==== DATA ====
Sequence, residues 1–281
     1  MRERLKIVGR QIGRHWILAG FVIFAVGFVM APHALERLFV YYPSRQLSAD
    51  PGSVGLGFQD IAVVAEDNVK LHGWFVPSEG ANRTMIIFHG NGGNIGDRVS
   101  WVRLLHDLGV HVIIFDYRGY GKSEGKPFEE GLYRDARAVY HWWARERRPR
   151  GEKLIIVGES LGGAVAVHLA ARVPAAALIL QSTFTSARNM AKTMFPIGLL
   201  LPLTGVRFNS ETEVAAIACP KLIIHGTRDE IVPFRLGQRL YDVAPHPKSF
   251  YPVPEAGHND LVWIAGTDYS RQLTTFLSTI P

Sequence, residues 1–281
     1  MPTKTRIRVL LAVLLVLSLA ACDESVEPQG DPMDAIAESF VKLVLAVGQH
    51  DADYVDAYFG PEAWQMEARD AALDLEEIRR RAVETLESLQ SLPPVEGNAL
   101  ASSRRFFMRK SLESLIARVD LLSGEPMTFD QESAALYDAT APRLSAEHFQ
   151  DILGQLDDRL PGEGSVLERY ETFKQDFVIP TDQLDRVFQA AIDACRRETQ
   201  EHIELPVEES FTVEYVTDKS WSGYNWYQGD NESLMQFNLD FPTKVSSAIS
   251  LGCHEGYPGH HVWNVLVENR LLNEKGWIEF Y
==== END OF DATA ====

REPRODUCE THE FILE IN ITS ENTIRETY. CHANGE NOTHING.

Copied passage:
Sequence, residues 1–281
     1  MRERLKIVGR QIGRHWILAG FVIFAVGFVM APHALERLFV YYPSRQLSAD
    51  PGSVGLGFQD IAVVAEDNVK LHGWFVPSEG ANRTMIIFHG NGGNIGDRVS
   101  WVRLLHDLGV HVIIFDYRGY GKSEGKPFEE GLYRDARAVY HWWARERRPR
   151  GEKLIIVGES LGGAVAVHLA ARVPAAALIL QSTFTSARNM AKTMFPIGLL
   201  LPLTGVRFNS ETEVAAIACP KLIIHGTRDE IVPFRLGQRL YDVAPHPKSF
   251  YPVPEAGHND LVWIAGTDYS RQLTTFLSTI P

Sequence, residues 1–281
     1  MPTKTRIRVL LAVLLVLSLA ACDESVEPQG DPMDAIAESF VKLVLAVGQH
    51  DADYVDAYFG PEAWQMEARD AALDLEEIRR RAVETLESLQ SLPPVEGNAL
   101  ASSRRFFMRK SLESLIARVD LLSGEPMTFD QESAALYDAT APRLSAEHFQ
   151  DILGQLDDRL PGEGSVLERY ETFKQDFVIP TDQLDRVFQA AIDACRRETQ
   201  EHIELPVEES FTVEYVTDKS WSGYNWYQGD NESLMQFNLD FPTKVSSAIS
   251  LGCHEGYPGH HVWNVLVENR LLNEKGWIEF Y